TinyCLR OS 2.1 Preview 3
We know MORE coding is part of your New Year’s resolution, so we’ve added more features in the latest release of Preview 3 of TinyCLR OS for you to play with before final production release.
In-Field Update Reworked
This very powerful, and secure, feature received even more tricks under its belt. First of all, the feature now takes streams for new firmware and new application. Those streams can be network streams, file streams, and memory streams. You can even mix and match as you desire! We then gave the user the option to either use external RAM or external FLASH to be used as the required temp buffers. This means, small devices with no external RAM (extended heap) can use external flash instead.
Of course, worry not, all temp buffers held in external memories are kept in its encrypted form. All decryption is happening in the internal secure memories.
The graphics update callback for updating displays has been updated to handle partial drawing. Meaning, if only few pixels have changed, there is no longer a need to graphic.Flush() the entire screen, partial flush instead Flush(x, y, width, height).
SPI also received a new spi.Write() overload that accepts x, y, width, height. It automatically does the needed matrix extract and sends the proper data.
We did not stop there! We added a “pixel multiplier” that allows you to use larger displays without needing more memory! Basically, you can now use a 320×240 display but then set the column and row multipliers to (2,2) and then the needed memory is only 160×120. You have just used the same display with 25% of the needed memory. This is needed as commercial needs called for larger display but no need for higher resolution. This gets better as you can use the multiplier on either width or height. For example, converting 320×240 to 320×120 display. This saves 50% of the memory but still gives you plenty of resolution.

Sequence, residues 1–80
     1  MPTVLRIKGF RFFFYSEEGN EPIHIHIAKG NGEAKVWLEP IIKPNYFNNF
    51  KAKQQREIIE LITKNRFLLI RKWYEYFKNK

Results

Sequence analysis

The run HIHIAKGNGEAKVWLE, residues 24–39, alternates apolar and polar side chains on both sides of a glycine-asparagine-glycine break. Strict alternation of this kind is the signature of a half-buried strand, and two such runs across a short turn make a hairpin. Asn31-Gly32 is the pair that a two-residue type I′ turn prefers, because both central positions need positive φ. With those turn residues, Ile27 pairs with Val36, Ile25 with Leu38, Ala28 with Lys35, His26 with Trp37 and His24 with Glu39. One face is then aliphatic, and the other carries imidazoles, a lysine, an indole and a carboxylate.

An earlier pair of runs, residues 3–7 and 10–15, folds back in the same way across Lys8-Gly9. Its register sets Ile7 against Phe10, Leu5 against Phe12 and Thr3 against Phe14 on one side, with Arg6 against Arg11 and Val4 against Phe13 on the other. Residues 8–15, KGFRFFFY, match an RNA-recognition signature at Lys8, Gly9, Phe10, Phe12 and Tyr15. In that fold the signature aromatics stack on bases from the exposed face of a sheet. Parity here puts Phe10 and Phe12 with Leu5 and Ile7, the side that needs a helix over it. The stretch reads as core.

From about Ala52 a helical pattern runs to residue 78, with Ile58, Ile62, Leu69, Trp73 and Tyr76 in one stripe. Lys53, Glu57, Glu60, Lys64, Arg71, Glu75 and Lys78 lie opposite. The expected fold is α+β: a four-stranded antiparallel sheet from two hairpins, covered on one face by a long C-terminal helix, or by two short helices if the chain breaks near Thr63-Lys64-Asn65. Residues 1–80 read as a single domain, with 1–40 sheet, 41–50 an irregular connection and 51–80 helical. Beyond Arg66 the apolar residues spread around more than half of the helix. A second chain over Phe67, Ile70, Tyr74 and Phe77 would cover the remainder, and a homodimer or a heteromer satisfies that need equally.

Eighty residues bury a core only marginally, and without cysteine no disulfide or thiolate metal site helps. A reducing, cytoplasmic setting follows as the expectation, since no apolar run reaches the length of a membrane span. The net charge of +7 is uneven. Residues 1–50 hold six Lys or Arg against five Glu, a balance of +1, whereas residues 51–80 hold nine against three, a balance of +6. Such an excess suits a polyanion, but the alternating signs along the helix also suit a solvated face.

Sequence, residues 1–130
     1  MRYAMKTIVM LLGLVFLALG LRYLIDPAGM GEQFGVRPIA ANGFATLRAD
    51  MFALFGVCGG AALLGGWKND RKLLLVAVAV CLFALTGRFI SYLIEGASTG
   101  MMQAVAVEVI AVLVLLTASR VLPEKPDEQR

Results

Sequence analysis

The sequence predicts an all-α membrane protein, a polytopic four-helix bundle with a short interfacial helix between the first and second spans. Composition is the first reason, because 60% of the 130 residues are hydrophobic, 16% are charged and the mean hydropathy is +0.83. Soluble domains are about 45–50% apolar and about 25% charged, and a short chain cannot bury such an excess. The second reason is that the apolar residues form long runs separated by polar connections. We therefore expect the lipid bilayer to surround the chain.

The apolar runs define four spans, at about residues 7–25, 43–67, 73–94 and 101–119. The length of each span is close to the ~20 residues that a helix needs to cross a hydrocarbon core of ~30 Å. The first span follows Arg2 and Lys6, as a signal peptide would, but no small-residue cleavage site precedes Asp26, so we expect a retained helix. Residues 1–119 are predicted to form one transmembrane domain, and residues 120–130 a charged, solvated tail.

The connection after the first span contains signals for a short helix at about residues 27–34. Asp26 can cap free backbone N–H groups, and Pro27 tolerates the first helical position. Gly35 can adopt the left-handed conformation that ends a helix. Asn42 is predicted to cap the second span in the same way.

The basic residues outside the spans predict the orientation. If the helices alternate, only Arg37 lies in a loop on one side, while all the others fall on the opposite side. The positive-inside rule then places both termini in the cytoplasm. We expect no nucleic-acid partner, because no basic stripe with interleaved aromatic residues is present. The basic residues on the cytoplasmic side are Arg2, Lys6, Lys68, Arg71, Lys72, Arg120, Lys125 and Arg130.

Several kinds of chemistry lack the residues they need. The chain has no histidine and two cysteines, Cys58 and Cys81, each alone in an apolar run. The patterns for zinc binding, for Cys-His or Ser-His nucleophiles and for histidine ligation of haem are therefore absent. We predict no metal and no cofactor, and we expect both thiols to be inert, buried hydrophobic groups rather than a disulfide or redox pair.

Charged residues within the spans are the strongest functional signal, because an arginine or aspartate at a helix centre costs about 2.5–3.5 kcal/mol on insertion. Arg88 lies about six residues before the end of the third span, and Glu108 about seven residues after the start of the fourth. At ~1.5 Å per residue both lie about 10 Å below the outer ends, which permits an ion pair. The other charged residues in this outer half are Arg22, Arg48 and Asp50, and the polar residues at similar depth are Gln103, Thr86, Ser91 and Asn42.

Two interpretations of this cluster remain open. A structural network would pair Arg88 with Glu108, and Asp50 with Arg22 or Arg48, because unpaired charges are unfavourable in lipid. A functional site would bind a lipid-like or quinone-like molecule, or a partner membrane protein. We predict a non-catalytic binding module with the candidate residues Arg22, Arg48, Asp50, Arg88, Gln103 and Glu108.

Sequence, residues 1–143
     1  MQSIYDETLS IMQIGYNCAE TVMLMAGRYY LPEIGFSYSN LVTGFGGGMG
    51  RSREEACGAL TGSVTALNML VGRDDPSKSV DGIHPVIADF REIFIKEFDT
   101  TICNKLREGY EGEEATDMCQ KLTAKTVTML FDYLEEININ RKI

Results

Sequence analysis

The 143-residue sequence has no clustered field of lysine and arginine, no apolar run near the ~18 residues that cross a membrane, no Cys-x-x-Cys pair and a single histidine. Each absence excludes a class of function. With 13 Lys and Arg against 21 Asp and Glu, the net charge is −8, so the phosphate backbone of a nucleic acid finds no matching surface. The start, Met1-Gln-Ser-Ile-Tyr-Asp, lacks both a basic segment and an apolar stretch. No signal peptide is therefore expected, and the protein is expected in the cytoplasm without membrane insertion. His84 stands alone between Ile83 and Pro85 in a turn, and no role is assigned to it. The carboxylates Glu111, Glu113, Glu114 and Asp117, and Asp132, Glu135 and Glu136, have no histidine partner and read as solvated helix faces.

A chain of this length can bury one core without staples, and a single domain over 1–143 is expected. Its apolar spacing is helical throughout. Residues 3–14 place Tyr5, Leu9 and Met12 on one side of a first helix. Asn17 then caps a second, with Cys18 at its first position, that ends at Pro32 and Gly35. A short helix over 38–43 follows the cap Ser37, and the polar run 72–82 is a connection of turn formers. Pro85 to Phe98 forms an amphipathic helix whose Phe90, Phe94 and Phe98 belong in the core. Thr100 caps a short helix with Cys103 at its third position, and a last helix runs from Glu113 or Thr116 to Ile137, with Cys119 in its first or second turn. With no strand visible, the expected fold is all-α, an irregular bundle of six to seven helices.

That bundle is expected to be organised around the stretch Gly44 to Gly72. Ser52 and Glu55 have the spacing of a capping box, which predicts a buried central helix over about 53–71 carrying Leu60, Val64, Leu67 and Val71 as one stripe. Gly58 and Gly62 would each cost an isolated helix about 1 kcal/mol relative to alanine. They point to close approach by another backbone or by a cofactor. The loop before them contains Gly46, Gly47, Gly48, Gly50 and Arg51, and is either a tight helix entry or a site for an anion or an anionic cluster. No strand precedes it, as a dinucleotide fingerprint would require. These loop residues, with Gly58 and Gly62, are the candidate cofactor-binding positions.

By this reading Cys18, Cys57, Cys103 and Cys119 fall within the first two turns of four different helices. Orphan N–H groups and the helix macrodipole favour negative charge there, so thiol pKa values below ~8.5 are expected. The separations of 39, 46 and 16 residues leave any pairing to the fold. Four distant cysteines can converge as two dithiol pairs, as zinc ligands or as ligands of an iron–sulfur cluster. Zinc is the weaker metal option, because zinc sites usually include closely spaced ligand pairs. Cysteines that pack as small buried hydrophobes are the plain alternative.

The built-in support for PWM uses hardware to generate signals very accurately with zero processing. However, hardware-PWM only worked on specific pins. We now support PWM on any pin. While software PWM is not very accurate and requires constant processor time to generate the signal, it works well at lower frequencies. This is good for dimming lights or driving servos. Speaking of servos, we are now introducing a new servo NuGet as well.
To help our customers in completing their FCC/CE compliance of their final products, we have passed SITCore through the required testing. Provided are those test results.